As I sit at my desk, keyboard and screen at the ready, to write my column, my thoughts turn to day’s end and the start of a long overdue, well-deserved vacation week. Mind you, I love what I do, but it pales in comparison to having time off to play lots of tennis, enjoy the sights and sounds of Tanglewood, and bask in the beauty of the Berkshires.
I’ve written many times about the importance of recreating with family and friends. Vacation means not being connected, not scanning your emails and other devices and checking in with the office. I find no virtue in not being able to disengage. It is essential to recharge your batteries. We work in a frenzied, 24-7 world, and every so often you must stop. I fully intend to and I would hope all of you would too.
When I return to the hectic pace of the beverage world, I’ll be embracing a very vibrant, active industry. As we all do, on a daily basis, I receive the many posts our BevNET editors put up on the site. Often I ask friends in the industry if we’re putting out too many emails, but they all seem to keep saying to bring it on. There have been so many launches, revamps, acquisitions and investments crossing our wires, and that’s a great thing. The need to be keep informed is going warp speed, and we’re happy to serve as the conduit.
There has been a flurry of activity on the investment front, a trend that I hope will continue. The big boys are taking on pieces of exciting brands with the DPS actively buying into brands. It’s nice that it isn’t always dominated by Red and Blue. That’s all well and good for the medium sized brands, with household names leading their charges to be the funding vehicle.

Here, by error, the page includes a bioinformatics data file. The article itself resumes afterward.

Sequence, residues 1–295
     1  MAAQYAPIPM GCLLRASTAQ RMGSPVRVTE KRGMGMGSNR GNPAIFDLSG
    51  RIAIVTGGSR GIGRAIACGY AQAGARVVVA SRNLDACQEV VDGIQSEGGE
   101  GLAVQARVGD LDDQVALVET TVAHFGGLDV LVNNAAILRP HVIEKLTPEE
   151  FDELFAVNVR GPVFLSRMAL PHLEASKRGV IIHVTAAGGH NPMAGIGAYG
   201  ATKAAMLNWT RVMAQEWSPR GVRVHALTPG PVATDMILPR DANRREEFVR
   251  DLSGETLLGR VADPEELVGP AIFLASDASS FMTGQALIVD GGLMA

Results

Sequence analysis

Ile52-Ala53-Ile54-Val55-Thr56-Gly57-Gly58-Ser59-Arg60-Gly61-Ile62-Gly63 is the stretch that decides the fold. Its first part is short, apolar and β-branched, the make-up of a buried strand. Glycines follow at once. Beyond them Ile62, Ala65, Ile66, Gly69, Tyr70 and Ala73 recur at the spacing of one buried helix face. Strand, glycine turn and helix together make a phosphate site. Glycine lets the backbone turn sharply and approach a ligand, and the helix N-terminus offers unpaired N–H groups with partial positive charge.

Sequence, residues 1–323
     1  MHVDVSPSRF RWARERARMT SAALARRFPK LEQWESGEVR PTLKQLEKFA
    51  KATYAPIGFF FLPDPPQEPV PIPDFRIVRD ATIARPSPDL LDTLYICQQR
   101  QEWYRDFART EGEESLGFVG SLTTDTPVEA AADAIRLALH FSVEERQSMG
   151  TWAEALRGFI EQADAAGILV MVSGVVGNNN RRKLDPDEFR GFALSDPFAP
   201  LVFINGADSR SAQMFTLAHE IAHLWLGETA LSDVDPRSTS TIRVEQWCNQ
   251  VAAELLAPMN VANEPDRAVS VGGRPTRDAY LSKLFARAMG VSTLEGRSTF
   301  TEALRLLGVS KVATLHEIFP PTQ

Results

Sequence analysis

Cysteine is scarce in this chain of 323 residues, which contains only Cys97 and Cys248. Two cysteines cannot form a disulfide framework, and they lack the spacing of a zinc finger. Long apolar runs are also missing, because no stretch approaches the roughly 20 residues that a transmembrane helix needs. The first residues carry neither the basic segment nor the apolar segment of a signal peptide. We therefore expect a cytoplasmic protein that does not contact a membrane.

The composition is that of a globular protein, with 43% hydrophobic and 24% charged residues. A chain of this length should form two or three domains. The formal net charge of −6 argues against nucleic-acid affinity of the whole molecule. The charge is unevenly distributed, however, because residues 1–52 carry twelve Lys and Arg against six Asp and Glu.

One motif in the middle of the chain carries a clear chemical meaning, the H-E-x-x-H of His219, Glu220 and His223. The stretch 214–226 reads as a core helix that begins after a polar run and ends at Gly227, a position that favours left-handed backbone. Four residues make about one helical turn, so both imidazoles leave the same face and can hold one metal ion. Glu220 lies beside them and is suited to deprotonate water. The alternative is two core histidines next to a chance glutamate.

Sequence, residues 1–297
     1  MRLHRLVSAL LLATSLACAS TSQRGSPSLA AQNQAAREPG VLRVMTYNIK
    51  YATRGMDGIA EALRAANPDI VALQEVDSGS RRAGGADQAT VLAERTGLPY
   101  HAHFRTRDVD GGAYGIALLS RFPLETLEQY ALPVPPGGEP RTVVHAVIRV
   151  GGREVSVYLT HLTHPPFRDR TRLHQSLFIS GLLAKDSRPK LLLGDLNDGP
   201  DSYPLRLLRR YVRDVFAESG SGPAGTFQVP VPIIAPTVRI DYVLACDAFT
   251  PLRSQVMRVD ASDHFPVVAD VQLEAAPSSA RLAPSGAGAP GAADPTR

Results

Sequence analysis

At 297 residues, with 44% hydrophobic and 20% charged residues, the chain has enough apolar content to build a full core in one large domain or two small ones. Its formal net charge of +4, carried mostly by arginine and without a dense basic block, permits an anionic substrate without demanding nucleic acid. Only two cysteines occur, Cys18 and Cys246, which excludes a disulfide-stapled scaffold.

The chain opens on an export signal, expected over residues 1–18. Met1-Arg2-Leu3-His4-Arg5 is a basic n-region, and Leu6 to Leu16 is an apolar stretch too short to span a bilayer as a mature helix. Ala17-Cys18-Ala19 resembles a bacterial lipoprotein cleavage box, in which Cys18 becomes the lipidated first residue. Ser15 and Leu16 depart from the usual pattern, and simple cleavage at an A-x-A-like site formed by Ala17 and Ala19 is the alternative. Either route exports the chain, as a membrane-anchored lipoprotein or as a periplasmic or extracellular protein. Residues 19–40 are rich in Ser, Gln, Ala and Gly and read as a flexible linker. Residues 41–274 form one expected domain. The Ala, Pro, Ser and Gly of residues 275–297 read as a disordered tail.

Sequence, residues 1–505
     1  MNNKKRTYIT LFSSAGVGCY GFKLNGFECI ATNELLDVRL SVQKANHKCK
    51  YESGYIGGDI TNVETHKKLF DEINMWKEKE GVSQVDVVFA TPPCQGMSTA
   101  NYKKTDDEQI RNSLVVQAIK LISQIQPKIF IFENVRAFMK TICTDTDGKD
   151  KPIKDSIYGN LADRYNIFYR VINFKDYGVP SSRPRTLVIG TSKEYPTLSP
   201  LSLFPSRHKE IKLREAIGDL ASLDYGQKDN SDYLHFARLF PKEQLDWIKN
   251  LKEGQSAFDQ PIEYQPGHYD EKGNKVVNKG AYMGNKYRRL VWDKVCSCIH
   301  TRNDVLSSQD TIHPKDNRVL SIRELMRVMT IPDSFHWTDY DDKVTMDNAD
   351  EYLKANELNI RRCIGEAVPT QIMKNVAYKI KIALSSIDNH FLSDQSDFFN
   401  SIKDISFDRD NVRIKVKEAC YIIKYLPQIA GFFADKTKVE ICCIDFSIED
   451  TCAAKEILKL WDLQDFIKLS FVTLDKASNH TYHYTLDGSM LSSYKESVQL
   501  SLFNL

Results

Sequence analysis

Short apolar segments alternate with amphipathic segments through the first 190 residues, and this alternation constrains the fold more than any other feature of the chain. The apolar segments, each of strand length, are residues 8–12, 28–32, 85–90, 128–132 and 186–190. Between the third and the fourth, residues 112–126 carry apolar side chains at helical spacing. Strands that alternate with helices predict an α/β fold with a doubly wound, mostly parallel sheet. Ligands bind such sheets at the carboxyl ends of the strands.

Still, I would like to see more grass roots investing for the small brands. They can only go to “family and friends” so often to keep their businesses going forward.
I’m always perplexed as to why some brands, with similar growth patterns, sales number and terrific value propositions get funding, while others don’t. Some of the dollars offered are in some cases seemingly much more than the brands actually need, while others get mere morsels. Is it a reflection on the selling ability of the principals to instill confidence in the investment community to finance them? I wish there was clarity as to how the decisions are made. For the most part, it doesn’t make sense to me.
I want every brand to succeed. If the brand has a reason to be, then give them the resources to make it happen. Invest wisely, but invest.